Conflicts in Liberia, Sierra Leone and the Democratic Republic of Congo have done incalculable damage to children's education.A-huh, so conflict damages educational opportunities. Not sure why this would necessarily be gender-specific, but anyway:
Then, there's this:
In eastern and central Europe, there is cause for concern too.Ok, we'll let that jibe at private education pass, and take it as read that fees are bad for education. Still, not seeing a gender angle here.
The introduction of fees for tuition, schoolbooks and uniforms has led to rising drop-out rates - and girls drop out sooner than boys.
But what's with this ?
Belarus and Tajikistan will not achieve gender equality, neither will Turkey.Or this ?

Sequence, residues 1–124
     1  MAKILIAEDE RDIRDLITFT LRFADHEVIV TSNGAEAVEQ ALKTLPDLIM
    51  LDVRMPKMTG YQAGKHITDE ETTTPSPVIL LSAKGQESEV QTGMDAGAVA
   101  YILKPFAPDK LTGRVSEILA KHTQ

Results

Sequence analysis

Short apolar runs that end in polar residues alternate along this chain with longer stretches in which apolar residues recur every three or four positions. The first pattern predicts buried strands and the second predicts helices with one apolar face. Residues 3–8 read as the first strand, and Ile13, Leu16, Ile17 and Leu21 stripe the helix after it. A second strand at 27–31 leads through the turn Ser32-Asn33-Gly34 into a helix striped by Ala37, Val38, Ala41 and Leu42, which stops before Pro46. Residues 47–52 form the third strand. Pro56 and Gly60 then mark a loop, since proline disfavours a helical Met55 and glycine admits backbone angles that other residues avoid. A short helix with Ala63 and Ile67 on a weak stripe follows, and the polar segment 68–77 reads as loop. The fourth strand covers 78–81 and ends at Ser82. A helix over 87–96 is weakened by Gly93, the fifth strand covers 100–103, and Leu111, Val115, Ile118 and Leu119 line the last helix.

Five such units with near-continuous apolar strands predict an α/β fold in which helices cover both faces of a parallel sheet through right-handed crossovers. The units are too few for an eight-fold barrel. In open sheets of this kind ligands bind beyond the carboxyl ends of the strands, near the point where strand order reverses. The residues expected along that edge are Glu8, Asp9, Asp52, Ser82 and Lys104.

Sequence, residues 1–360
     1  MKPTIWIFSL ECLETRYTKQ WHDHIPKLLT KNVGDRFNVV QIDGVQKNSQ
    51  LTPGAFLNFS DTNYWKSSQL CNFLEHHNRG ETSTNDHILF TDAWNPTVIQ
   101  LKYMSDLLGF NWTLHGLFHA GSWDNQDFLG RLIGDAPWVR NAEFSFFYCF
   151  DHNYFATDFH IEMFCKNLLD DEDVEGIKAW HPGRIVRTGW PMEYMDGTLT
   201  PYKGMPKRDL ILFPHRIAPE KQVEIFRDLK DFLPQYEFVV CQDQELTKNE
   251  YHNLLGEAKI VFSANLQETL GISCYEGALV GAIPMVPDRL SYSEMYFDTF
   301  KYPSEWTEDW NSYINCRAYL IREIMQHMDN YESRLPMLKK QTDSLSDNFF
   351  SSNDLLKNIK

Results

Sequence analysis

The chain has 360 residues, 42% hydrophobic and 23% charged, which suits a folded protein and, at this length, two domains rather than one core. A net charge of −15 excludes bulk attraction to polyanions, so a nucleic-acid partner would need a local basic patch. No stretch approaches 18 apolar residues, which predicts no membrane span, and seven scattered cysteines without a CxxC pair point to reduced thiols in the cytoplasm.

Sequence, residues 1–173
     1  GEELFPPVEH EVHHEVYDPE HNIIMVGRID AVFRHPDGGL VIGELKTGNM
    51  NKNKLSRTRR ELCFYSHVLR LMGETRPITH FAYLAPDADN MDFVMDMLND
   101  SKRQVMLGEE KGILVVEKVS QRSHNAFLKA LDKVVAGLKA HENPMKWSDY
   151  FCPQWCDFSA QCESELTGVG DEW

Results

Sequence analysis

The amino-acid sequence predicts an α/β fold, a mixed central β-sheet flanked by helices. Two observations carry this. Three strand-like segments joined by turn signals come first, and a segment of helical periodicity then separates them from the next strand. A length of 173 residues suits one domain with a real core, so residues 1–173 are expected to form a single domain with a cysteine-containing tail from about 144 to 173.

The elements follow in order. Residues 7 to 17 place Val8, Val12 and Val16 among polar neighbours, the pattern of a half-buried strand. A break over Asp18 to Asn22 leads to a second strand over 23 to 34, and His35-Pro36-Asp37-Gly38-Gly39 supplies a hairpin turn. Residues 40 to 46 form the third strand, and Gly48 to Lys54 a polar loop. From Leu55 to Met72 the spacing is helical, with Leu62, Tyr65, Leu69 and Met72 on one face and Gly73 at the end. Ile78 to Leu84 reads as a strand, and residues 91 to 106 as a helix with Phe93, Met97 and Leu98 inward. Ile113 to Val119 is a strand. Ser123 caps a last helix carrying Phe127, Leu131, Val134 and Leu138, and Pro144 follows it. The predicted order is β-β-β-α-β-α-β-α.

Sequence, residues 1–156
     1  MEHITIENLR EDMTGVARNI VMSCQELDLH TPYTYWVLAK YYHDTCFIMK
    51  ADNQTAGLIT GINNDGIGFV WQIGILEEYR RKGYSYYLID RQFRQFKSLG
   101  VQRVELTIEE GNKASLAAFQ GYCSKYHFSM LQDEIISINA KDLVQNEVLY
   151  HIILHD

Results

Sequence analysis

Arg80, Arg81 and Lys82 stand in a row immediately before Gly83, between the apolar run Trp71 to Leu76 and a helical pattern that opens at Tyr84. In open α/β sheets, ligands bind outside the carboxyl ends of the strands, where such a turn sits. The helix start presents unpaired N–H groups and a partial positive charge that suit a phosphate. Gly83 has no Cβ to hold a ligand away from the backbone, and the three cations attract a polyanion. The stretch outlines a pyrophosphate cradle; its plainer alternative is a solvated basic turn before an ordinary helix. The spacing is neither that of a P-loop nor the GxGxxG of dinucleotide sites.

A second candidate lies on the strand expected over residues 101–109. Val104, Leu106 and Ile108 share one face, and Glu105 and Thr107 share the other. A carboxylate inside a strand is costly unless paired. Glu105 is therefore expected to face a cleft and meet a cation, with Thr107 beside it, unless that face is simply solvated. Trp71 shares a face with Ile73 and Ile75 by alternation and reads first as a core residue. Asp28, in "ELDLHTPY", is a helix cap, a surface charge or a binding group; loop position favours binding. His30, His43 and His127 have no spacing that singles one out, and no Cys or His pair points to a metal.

However, it adds that many countries in South Asia, Africa and the Middle East cannot meet the target this year.Or even this ?
In South Asia, Unicef says, progress has been made, but not enough.So, run this by me again: Unicef knows that education in central Africa is screwed because of war, while in Europe privatisation is the baddie, even though they can't necessarily prove why it would disproportionatly affect girls. Meanwhile, in the Middle East and South Asia there really is a gender gap, but they can't offer a single explanation as to why that might be. Hmmmmmmm….
Across the region, 42 million children do not go to school.
Afghanistan and Pakistan have the widest gender gaps.
For Pakistan to have the same number of girls as boys in school by 2015, it would have to increase girls' school attendance by more than 3% each year.
I blame Haliburton myself.